FSC | Field Studies Council

Field Studies Council: Bringing Environmental Understanding to All

1953 John W. Cowan, Associate Tutor at Flatford Mill since 1982 - FSC Flatford Mill

While I was attending a Plant Ecology Course at Flatford in July 1953, Jim Bingley, Warden, encouraged me to come on the Fungus Week in the autumn. This I did and immediately became hooked on the study of this group of organisms

Attendance on these courses also introduced me to some very interesting people. For a start the tutor, Dr. Frederick Parker-Rhodes was a great character with a good sense of humour. He was not primarily a mycologist, but a mathematician, based at Cambridge, and concerned with the computer translation of languages, this in the early days of computers. I admired the old brass microscope that he brought with him. He enjoyed a pipe and took snuff. His wife, Damaris, sometimes came to join us with their dog, and she was just as much a character as he was. They were Quakers and Damaris wrote a very erudite book, which I found difficult to understand.
On the Sunday of the first fungus week I attended, Mrs Bingley organised a play reading in the living room of Valley Farm, then the Warden’s accommodation. On this occasion the play was George Bernard Shaw’s “You never can tell”, which fortunately I had seen in London, and I was allocated the part of Mr Comas the Solicitor, rather a coincidence as I was then training to be one.

Concurrent with the Fungus Week there was a party of Cambridge students and their tutors. One of the Cambridge students brought with him a moth trap, fitted with a mercury bulb (costing £2) to attract moths at night. It was very successful and collected thousands in the height of summer. While I was with its owner, who was catching moths that were trapped, a hornet came and crawled into the trap. It was the first time I had seen one. The “trapper” was very pleased as he wanted a specimen, but I had mixed feelings! He told us that he had been stung once and had had his arm in a sling for a week. He made several attempts to catch the hornet in a specimen box while one or other of us (there were several onlookers) took away the cone holding the bulb. On one occasion when I held this, the hornet followed and unfortunately I dropped the holder onto the lawn and the light went out. I thought for a horrible few minutes that the bulb was fut. After an adjustment to the holder, however, the light came on again, but the hornet was lost. Jim Bingley told us that there were too many hornets around the place.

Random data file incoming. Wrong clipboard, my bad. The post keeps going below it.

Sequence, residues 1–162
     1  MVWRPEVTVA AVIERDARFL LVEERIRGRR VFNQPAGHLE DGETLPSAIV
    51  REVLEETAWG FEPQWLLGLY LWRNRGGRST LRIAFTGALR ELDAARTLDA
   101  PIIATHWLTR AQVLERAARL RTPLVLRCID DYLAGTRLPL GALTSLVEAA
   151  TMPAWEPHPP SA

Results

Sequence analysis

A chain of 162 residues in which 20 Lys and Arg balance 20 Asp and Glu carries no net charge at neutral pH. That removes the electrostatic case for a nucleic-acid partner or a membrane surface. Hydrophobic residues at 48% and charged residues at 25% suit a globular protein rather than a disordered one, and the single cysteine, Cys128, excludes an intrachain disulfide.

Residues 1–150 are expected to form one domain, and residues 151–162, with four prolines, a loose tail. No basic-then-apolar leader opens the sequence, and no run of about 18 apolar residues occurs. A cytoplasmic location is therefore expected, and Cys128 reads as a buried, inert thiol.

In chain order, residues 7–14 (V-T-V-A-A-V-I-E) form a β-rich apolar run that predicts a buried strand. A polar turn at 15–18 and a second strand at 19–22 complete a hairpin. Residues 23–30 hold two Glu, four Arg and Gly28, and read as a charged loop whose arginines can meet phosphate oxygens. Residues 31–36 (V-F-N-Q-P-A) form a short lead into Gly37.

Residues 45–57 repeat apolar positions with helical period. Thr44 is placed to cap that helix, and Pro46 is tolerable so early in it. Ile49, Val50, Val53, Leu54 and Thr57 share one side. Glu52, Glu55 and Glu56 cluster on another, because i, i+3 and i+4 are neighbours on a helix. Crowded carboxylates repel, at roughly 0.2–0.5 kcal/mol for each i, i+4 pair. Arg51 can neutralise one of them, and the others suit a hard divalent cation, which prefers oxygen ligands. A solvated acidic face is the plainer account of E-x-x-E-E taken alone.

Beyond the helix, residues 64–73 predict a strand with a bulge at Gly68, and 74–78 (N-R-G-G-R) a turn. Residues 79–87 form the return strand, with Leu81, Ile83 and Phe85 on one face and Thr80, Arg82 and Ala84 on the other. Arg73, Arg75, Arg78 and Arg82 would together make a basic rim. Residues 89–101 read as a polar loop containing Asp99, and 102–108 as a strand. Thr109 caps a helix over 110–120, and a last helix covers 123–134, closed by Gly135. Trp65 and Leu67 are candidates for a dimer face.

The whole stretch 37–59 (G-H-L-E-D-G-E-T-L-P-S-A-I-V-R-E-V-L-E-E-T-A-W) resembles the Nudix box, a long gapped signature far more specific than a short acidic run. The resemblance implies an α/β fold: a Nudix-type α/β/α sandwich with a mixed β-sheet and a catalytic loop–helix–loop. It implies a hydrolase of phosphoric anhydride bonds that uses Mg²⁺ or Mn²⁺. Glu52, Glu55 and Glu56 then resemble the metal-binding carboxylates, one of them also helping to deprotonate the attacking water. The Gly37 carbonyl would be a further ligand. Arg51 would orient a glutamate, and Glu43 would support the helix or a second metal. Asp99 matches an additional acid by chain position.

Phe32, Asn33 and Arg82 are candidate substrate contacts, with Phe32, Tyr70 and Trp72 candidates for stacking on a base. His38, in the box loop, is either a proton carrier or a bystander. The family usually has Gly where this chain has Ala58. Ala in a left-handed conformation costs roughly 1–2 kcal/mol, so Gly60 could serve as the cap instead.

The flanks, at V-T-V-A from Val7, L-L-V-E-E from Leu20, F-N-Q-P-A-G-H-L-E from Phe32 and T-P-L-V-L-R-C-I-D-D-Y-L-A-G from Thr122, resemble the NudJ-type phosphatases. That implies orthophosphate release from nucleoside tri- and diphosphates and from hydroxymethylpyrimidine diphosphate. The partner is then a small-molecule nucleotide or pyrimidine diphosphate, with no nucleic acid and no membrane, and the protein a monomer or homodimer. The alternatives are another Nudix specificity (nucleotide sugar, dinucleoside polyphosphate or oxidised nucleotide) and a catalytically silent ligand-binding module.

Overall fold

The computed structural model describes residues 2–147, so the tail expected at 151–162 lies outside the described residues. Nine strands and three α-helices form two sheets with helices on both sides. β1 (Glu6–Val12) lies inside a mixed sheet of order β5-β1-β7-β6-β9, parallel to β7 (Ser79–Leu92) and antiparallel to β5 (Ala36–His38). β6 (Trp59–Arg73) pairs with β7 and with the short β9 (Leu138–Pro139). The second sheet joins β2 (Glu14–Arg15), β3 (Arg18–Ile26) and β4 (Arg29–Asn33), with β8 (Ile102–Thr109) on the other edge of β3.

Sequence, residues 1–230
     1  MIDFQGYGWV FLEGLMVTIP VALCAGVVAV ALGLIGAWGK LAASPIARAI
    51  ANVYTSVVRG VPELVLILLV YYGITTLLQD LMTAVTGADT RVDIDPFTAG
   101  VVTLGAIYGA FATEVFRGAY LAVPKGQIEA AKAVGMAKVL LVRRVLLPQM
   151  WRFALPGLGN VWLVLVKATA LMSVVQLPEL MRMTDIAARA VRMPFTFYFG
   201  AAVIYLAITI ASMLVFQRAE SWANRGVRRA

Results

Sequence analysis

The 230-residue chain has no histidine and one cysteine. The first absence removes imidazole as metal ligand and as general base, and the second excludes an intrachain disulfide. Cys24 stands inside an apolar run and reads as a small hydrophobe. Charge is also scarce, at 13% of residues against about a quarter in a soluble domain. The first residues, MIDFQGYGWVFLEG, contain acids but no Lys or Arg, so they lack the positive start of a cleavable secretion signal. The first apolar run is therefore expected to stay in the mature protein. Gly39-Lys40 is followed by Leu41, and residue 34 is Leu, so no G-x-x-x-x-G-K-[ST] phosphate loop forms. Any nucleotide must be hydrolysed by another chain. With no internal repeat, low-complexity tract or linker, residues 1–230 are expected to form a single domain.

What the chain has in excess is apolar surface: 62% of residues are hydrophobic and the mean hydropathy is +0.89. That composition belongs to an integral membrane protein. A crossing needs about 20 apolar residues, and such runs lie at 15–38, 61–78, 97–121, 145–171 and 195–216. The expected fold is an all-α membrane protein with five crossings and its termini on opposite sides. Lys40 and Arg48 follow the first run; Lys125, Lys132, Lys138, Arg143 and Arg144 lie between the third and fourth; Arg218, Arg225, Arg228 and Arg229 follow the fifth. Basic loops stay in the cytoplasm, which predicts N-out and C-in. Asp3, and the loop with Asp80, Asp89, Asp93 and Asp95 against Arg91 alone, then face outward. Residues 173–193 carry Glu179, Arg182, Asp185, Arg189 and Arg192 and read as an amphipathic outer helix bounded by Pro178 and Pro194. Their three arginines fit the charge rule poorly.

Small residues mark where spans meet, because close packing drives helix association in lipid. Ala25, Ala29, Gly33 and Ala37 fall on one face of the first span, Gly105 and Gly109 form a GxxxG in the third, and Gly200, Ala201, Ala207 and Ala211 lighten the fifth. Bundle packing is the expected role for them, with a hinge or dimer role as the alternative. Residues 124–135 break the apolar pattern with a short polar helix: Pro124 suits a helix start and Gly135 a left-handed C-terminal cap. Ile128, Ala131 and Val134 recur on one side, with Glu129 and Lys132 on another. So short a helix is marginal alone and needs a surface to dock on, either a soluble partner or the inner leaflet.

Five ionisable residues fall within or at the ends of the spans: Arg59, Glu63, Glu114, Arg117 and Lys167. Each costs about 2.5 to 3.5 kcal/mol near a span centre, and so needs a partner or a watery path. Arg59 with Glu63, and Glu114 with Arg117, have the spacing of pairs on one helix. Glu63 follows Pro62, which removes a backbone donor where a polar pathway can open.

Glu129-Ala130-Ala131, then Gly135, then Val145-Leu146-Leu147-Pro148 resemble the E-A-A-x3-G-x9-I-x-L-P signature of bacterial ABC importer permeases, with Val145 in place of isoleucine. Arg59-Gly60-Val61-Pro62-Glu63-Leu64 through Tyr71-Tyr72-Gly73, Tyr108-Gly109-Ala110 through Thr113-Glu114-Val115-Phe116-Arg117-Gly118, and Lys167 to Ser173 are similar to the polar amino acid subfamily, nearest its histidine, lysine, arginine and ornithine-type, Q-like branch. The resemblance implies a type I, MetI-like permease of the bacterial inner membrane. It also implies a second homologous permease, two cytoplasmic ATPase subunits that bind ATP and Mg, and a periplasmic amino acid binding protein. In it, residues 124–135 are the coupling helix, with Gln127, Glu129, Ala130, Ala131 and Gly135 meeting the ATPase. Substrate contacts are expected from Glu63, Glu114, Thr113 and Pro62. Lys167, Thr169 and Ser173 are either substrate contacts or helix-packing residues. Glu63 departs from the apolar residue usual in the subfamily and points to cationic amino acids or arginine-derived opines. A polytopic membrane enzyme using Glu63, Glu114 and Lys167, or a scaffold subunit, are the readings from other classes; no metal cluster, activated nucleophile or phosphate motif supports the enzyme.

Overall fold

The Cambridge University expedition went trawling and the fisherman with whom they went gave them a couple of lobsters. All the students were invited into the great hall of Valley Farm to enjoy them. The very tasty lobster flesh was neatly placed on small pieces of pastry and was accompanied by glasses of sherry.

The pattern of the fungussing day was to forage in the morning and early afternoon, then return to Flatford to examine our specimens and lay them out for all to see. One of the most popular woods was in East Bergholst on an estate owned by the Wake-Walker family. We would start with the fungi on the lawn and progress to the extensive woods with both broadleaved trees and conifers.

In 1954, Frederick was not available to take the fungus week and instead we had Dr. F. Bayard Hora of Reading University, a very able field mycologist, who later was joint author of the Collins Guide to Mushrooms and Toadstools. He oozed infectious enthusiasm for the fungi we gathered.

Two regulars at Fungus Weeks were Hailes Freytag and Gertrude Wolf, German born employees of the Shoe and Allied Trades Association (SATRA). Their professional work was to translate research papers of interest to SATRA. I do not know how many languages they covered, but Hailes was fluent in Russian. Hailes and Gertrude were not young, but their friendship flourished till they eventually married. One of the regular excursions included a lunchtime visit to Shingle Street, on the Suffolk coast north of Felixstow, not rich in fungi, but of interest to Damaris for the bird life. Hailes always insisted on having a swim despite the very dangerous currents there. When he returned to the shingle he gave himself a preliminary wipe over with his wet trunks and this removed much of the water before using the towel. I thought this a good idea so that after a bath I always use my wet flannel before my towel.